The year is 1939. On September 3rd, Britain and France declare war on Germany plunging the world into war for the second time in most people’s lifetime. In football, January 2nd sees the all-time highest attendance for a UK Association football league game as 118,730 people watch Rangers beat Celtic in an Old Firm derby played at Ibrox Park. And on March 10th in Fazakerley, Liverpool, Len Ashurst is born.
The greatest of Sunderland players pulled on a red-and-white shirt more often than any other outfield player in the club’s history, playing 458 games – only goalkeeper Jimmy Montgomery has appeared more for Sunderland than Ashurst.
Sunderland fans remember Len fondly due to his undoubted quality as a footballer, but also because of his grit, hard work and steely determination. Former Manchester United and England star, Nobby Stiles, once said about Ashurst that:
In a match at Old Trafford I had Len by the throat. I quickly let go when I realised the consequences.
Ashurst was evidently hard as nails, but this should not to take away from his overall talent as a footballer as the left back’s quality as a footballer was indisputable. He was so good that the great Bill Shankly once explained that:
Len Ashurst was the one that got away. He could have been a Liverpool player.
High praise given Shankly’s Liverpool won the First Division in 1964, 1966 and 1973, the FA Cup in 1965 and 1974 and the UEFA Cup in 1973. Liverpool were the dominant force in English football under Shankly, so for the Scot to remark that Ashurst could have been a Liverpool player alongside the likes of Ray Clemence, Ron Yeats, Emlyn Hughes and Roger Hunt is an incredibly impressive homage to his footballing talents.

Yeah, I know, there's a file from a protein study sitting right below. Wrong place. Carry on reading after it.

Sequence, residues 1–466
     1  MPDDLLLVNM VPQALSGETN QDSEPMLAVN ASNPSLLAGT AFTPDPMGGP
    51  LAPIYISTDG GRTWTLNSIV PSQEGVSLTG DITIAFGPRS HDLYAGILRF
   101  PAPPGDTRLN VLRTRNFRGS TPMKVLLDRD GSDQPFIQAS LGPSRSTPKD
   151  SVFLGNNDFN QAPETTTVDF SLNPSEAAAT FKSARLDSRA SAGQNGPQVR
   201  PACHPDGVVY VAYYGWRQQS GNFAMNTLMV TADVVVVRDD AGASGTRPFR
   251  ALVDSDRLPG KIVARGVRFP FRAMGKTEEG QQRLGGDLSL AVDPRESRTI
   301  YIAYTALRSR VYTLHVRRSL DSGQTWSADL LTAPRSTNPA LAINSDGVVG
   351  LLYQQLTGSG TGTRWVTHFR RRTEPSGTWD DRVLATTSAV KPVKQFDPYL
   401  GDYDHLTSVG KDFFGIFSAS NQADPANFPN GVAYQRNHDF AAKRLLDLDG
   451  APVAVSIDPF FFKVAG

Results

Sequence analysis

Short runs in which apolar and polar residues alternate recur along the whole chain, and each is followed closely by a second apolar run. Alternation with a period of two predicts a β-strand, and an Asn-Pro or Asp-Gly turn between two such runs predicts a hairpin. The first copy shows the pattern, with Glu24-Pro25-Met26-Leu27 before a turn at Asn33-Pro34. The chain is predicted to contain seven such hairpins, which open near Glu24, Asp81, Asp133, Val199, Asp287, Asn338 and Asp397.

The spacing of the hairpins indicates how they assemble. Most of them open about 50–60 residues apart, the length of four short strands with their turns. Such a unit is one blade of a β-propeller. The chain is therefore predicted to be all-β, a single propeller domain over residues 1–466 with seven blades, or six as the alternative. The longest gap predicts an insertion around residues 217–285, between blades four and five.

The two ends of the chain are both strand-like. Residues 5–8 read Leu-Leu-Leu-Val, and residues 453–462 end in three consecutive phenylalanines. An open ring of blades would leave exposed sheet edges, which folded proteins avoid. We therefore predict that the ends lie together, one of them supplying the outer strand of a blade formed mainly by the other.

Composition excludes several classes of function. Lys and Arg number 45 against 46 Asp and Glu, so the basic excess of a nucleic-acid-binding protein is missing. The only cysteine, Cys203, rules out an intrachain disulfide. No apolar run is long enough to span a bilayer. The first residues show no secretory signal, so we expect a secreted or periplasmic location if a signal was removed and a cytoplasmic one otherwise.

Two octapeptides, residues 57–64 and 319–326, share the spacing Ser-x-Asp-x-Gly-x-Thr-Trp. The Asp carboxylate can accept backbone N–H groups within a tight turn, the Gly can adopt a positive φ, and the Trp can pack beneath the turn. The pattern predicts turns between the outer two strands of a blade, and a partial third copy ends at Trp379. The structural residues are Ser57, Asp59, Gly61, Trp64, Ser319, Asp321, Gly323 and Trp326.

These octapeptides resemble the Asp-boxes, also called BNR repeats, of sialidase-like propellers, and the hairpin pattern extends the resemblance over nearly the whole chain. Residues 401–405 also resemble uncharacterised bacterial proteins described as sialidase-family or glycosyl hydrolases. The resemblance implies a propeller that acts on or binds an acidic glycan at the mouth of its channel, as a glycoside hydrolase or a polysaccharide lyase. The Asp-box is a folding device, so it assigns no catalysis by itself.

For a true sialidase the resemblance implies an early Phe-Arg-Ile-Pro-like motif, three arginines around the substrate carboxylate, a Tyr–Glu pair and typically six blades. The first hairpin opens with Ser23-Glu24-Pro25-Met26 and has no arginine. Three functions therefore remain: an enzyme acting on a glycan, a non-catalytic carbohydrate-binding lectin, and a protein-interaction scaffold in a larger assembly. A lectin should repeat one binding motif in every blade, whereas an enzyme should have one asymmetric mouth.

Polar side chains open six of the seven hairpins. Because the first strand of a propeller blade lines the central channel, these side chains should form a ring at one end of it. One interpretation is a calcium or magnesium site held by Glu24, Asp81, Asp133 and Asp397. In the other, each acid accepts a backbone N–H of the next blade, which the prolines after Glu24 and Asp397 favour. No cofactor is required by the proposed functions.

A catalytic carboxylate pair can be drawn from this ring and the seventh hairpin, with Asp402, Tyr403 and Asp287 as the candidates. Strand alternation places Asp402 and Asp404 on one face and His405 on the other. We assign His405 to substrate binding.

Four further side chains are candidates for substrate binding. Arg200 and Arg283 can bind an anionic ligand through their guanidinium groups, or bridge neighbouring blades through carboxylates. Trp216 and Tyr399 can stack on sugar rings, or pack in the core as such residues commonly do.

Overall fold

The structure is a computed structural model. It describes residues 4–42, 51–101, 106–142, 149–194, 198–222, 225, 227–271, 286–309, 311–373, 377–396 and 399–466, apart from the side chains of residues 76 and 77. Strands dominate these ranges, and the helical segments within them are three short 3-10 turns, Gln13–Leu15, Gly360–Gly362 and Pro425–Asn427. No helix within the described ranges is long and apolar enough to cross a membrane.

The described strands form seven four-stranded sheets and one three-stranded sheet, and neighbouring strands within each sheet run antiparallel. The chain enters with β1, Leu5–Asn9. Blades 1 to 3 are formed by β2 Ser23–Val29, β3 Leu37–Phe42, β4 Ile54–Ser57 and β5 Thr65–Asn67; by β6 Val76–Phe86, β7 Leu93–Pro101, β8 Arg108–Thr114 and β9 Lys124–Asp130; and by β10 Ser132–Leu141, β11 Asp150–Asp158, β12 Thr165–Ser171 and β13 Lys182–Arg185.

The Liverpool-born defender also gained admiration from leading figures outside of football. The former Labour Party leader, Neil Kinnock, once commented that:
Len Ashurst is the sort of man that makes British football great.
Alongside Goalkeeper Jimmy Montgomery and fellow defenders, Charlie Hurley, Jimmy McNab, Cecil Irwin and Martin Harvey, Ashurst formed one of the most noteworthy and memorable Sunderland defences in the club’s history.
Ashurst also played for Sunderland at the same time as Brian Clough – and it’s fair to say that the two have history. Clough held a grudge against Ashurst as it was the defender that played the through ball that ended Clough’s career in a game against Bury on Boxing Day, 1962 at Roker Park.
Speaking to The Chronicle Ashurst explained:
Cloughie was giving chase and Chris Harker, the Bury keeper, come racing out. They collided and Cloughie’s knee went. That was it. I felt from that day on Brian blamed me for over-hitting the forward pass. He never mentioned it but I knew. I could tell – and he never refuted it once.
Clough’s disdain towards Ashurst lead to the left back refusing to play in Clough’s testimonial game at Roker Park, and the prickly relationship between the two lasted into both men’s managerial days.
The pair faced each other in two games; in the first game Ashurst’s Sunderland held Clough’s Nottingham Forrest to a 0-0 draw at the City Ground. However, in the replay Sunderland knocked Forest out 1-0 at Roker Park on the way to the Milk Cup final at Wembley.
Ashurst describes an intriguing encounter with Clough after the initial game at the City Ground as: